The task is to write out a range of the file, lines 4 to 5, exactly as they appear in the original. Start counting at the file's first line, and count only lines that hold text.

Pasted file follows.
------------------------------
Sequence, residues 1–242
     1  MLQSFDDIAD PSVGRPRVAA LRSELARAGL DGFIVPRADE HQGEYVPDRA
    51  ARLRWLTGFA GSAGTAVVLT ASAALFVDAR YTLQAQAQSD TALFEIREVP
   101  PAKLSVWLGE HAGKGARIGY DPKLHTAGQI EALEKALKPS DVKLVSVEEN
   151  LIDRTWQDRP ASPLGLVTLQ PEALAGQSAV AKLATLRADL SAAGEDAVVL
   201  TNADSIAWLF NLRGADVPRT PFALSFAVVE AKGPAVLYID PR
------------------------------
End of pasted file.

   101  PAKLSVWLGE HAGKGARIGY DPKLHTAGQI EALEKALKPS DVKLVSVEEN
   151  LIDRTWQDRP ASPLGLVTLQ PEALAGQSAV AKLATLRADL SAAGEDAVVL